Tim is looking at new cameras and wants to know about megapixels. Are more pixels better? Leo says no. It's not how many pixels he has, it's how large the sensor is. The larger the sensor, the more light he'll have and the more detail he'll be able to get. The more megapixels he has on a smaller sensor, the more noise he'll get. So the key is a large sensor. Going from 8MP to 12 isn't going to make that much difference.
Richard is trying to back up about 300GB of photographs and videos. He's using Dropbox and it's expensive. He's also tried Carbonite, but it takes too long. Leo says that's because his upload bandwidth is really slow. Amazon has a more affordable option called Glacier. It costs pennies per GB, but it's cheap because he won't have access to it immediately.
Michael has a ton of IDX files of his images. Are they safe to delete? Leo says yes, generally. It'll make searching more of a challenge, but it won't endanger the images at all. Leo says that he imports all the images to Lightroom, then he'll sync to two external hard drives. Then he takes that second hard drive to work and swaps it out every other week. That way he always has an off-site backup.
To sync his files, he can use one of the following programs:
Estaban's old film camera broke, and now he's looking to move to digital. $500 is his budget. Leo says that's a great budget. Leo likes the Sony RX100 point and shoot. It's compact and has a zoom. It also has a large 1" sensor, which will give him far better photos. It lets in more light as well, so it's better in low light.
Chris wants to bust the Zoom Myth. There's a big debate about whether to zoom into a shot, or walk up to the subject to get the shot. Chris says zooming doens't change perspective. Walking up, by contrast, does change perspective, and you can prove it by taking the same picture with both technique. You can change your perspective by moving around, but Chris says if you explore a subject and walk around it, you'll see more than just perspective, you'll see light. Chris says that composition is important too, and you can learn it best with a 50mm lens, aka the "nifty fifty."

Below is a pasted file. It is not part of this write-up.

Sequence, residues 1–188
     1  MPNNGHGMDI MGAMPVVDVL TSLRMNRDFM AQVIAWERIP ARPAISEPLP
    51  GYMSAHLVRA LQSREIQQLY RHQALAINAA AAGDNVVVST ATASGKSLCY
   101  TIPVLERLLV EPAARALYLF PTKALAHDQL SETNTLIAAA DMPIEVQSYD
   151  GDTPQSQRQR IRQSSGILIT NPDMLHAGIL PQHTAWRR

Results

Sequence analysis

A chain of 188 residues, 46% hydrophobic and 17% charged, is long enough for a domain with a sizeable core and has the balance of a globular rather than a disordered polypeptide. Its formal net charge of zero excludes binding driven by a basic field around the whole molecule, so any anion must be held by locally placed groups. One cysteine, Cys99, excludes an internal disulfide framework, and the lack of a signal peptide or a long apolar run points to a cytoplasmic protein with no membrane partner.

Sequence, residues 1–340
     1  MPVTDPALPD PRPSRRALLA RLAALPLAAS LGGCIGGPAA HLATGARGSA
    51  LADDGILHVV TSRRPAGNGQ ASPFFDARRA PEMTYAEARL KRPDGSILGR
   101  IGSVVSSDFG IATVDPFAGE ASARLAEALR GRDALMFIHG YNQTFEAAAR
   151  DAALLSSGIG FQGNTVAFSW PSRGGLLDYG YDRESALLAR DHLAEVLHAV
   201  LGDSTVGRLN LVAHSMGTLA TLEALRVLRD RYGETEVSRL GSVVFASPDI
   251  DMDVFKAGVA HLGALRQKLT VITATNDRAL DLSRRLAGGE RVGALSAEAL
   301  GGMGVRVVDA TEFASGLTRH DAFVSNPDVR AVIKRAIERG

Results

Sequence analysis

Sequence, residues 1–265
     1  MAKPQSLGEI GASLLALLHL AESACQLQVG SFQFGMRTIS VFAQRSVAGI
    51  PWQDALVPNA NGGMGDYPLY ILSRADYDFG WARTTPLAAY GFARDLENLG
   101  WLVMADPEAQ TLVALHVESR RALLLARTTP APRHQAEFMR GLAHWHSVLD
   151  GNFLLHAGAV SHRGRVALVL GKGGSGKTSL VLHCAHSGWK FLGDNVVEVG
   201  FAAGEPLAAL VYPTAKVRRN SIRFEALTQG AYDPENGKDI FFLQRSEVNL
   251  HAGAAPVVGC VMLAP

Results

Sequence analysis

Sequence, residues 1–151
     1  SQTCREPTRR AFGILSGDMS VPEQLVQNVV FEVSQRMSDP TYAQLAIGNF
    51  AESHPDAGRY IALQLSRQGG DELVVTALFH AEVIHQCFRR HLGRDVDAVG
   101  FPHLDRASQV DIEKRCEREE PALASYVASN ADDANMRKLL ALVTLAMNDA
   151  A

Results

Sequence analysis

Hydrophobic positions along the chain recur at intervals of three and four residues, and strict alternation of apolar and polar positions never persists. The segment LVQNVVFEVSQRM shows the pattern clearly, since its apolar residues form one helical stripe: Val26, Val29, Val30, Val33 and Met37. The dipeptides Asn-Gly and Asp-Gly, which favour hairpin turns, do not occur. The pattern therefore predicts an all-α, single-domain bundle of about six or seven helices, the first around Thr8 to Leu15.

Chris Marquardt has been looking for a lighter, smaller camera to take on his Mount Everest tip and it's been quite the challenge to find something that will give him the performance he needs, but not weigh him down during the climb. And he didn't want to buy into a new system either. Then he found out about the Canon 100D/RebelSl1. An entry level DSLR, which Leo says looks like the Olympus OM1 or the Sony A7. Chris says it's a small, light weight, and the best part is that it uses his Canon lenses (with a 1.6x crop, of course).
Dereism - Departure. This is a leaf in the snow, and it's in black and white. It's a beautiful silhouette with a shadow, and has lots of depth. It "leaves" a lot of room for interpretation. Leo says it's kind of like a church with the leaf playing the part of a cross.
Sinking Sun by Bankaluna - A beautiful image of the setting sun with wide angle, at the beach.
Chris wants to bust the myth that you have to have light coming onto your subject from the front to get a good shot. Sometimes the best images have light coming from behind (called backlighting). One reason why people don't like it is that it makes the image look flat, killing the depth. So consider moving the light to the side. The image will become more interesting and you'll see some cool reflections on your light (called hairlight). It can silhouette the subject.
Chris wants to bust the myth that you don't need to stabilize because the camera will do it all for you. The fact is, it won't. But here are several tips to get a more stable picture: